Is Meb Faber’s Momentum and Trend-Following Trading Strategy in Gold, Stocks, And Bonds Still Working?

Last Updated on May 21, 2022 by Quantified Trading

Meb Faber, a famous money manager and writer, has several times stated he is a trend follower at heart. Back in 2015, he published an article about momentum and trend-following strategy called Meb Faber’s Three-Way Model in gold, stocks, and bonds– a model that Meb Faber found in some research from Ned Davis Research. However, we would label the strategy more a momentum strategy than a trend-following strategy. How has this strategy performed and is it still working?

Yes, Meb Faber’s momentum/trend-following strategy in gold, stocks, and bonds is still working. The strategy is as simple as it gets: Initiate (or keep) a position if the monthly 3-bar moving average is above the 10-bar moving average. The strategy returned 13% annually from 1971 to 2015. We updated and backtested the strategy and show you the results after 2015.

Before we go on to explain Meb Faber’s momentum/trend-following strategy we start by explaining what momentum strategy investing is:

What is momentum in trading and investing?

Momentum investing is an approach that seeks to buy stocks with the best historical performance over a given period and then periodically rebalance the portfolio such that at any given time, it’s invested in the stocks with the highest momentum. Momentum is quite similar to trend-following strategies.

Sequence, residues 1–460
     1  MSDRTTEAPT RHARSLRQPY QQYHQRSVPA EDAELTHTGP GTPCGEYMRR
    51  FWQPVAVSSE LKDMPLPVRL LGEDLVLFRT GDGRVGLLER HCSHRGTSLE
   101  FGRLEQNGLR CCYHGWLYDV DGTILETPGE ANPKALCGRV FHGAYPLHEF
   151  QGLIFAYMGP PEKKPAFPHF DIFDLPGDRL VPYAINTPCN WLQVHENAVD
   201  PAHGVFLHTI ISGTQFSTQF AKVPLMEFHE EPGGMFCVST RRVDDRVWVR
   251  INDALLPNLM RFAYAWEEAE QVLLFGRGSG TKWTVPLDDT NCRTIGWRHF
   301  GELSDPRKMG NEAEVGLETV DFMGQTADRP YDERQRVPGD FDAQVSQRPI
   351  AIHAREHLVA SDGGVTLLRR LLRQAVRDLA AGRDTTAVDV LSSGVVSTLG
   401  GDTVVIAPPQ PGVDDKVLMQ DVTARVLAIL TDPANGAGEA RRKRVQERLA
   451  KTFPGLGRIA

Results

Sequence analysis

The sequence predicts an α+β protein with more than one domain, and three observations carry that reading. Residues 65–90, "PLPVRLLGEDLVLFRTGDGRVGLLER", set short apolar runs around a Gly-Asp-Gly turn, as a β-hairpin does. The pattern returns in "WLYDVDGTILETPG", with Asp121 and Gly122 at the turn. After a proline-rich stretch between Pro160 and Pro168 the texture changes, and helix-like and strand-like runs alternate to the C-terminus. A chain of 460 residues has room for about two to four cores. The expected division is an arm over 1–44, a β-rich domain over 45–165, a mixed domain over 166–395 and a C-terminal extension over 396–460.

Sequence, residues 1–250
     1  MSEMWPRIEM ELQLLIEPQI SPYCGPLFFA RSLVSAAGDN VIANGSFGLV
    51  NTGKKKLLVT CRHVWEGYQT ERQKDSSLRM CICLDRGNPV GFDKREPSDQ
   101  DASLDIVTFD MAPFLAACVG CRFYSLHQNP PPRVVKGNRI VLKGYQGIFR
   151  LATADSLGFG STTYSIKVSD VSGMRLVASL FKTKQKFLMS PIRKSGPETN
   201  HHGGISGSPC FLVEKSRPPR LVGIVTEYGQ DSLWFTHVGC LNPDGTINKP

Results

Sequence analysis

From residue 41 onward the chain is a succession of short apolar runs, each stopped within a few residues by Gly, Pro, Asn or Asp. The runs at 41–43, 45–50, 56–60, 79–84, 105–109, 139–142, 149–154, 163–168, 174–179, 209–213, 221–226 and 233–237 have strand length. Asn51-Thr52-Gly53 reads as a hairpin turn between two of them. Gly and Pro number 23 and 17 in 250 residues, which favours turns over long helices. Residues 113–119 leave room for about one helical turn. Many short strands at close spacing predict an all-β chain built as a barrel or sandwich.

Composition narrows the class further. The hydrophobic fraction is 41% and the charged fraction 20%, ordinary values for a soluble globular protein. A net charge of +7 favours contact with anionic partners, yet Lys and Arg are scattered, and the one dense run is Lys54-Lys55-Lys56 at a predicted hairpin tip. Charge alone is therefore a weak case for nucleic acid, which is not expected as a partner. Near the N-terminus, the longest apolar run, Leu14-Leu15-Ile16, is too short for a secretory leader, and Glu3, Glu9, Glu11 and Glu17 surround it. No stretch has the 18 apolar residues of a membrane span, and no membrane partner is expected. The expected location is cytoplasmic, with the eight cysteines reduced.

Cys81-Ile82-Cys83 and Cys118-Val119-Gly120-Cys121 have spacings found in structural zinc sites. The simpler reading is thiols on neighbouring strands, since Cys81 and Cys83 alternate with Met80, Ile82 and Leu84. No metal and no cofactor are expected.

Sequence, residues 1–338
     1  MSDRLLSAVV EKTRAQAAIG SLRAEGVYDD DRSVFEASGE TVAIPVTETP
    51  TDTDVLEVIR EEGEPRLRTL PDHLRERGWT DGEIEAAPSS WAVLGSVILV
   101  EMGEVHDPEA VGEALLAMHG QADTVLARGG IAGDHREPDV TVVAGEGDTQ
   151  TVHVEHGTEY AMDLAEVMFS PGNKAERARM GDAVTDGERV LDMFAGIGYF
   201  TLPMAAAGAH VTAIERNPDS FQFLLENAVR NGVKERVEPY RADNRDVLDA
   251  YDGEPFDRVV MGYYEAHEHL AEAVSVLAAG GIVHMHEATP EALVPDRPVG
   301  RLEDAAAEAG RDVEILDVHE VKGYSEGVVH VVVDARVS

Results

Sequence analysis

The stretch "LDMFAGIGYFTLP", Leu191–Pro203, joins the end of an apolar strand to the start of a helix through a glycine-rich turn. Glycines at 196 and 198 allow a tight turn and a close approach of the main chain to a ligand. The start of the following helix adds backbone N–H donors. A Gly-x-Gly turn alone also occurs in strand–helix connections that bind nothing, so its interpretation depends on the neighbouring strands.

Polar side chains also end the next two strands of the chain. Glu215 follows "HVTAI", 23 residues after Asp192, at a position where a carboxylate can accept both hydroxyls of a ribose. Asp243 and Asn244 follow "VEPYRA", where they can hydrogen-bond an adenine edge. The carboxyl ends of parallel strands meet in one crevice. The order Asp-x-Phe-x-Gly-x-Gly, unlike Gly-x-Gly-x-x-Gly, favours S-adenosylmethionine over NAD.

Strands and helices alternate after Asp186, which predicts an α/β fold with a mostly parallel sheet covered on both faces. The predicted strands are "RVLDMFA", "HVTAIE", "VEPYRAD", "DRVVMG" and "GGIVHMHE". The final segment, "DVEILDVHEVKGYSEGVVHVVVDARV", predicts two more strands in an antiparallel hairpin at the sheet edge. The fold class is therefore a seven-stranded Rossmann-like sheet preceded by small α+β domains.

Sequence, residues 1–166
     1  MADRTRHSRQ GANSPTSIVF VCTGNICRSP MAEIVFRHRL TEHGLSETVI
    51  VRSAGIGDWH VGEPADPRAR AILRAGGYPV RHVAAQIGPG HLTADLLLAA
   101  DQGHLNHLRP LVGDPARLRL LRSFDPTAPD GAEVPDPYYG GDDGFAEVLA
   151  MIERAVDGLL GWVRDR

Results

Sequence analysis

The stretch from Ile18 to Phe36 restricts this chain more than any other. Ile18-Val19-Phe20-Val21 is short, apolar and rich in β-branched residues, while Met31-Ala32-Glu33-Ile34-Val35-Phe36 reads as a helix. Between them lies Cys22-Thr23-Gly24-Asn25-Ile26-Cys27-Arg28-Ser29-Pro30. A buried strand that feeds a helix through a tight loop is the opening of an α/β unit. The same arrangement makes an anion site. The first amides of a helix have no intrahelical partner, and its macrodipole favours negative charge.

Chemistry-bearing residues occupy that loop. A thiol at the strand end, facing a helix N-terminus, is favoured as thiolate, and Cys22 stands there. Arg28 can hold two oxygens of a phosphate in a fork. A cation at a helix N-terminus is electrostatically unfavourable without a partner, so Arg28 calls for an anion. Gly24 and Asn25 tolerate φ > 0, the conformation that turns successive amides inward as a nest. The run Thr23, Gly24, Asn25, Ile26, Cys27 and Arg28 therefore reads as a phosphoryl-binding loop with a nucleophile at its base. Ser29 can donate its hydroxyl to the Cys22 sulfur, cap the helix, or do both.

This approach is based on the momentum hypothesis, which believes that there is a strong correlation between 3-12 months historical return and 3-12 months future return. That is, stocks that performed the best over the medium term (3-12 months) are likely to continue performing well in the near future, say the next 3-12 months.

In backtests going back decades, even a century back, momentum has proven to be less significant for periods shorter than 3 months and longer than 12 months.

In one study, Alpha Architect analyzed stocks in the top 40% of the largest stocks on NYSE based on market value from 1974 to January 2016. They measured the return on each stock over the past 12 months and rebalanced the portfolio each month by investing in the top 10% stocks with the best price performance. They deducted 1% annually for transaction costs and another 1% for the annual management fee. Their findings showed an annual return of 14.4% against a 10.92% annual return for the S&P 500. This is a pretty significant improvement to buy and hold.

However, when you are testing the momentum anomaly you need to filter data for survivorship bias. Survivorship bias in trading and investing can have a major impact on the results! (Alpha Architect adjusted for that.)

How does momentum investing work – in practice?

Here’s an example of how you can utilize the momentum factor in practice:

  • A momentum investor buys stocks that have performed best over the last 6 months (can be 3, 9, or 12 months)
  • The investor rebalances his portfolio every month or 3 months by selling the least performing ones and buying new stocks that are currently performing best.

Pretty simple. Rinse and repeat 4 times per year.

What is Meb Faber’s Three-Way Momentum/Trend Following Model Strategy?

Anyone that has read the writings of Meb Faber knows that he likes things simple and easy. That doesn’t mean mediocre strategies. Quite the opposite. When trading and investing, simplicity trumps complexity.

And Meb Fabers Three-Way momentum/trend-following strategy is really simple. Here is all there is to it:

Three asset classes: Stocks, bonds, gold.

Invest equally in whatever is going up (defined as 3 month SMA > 10 month SMA).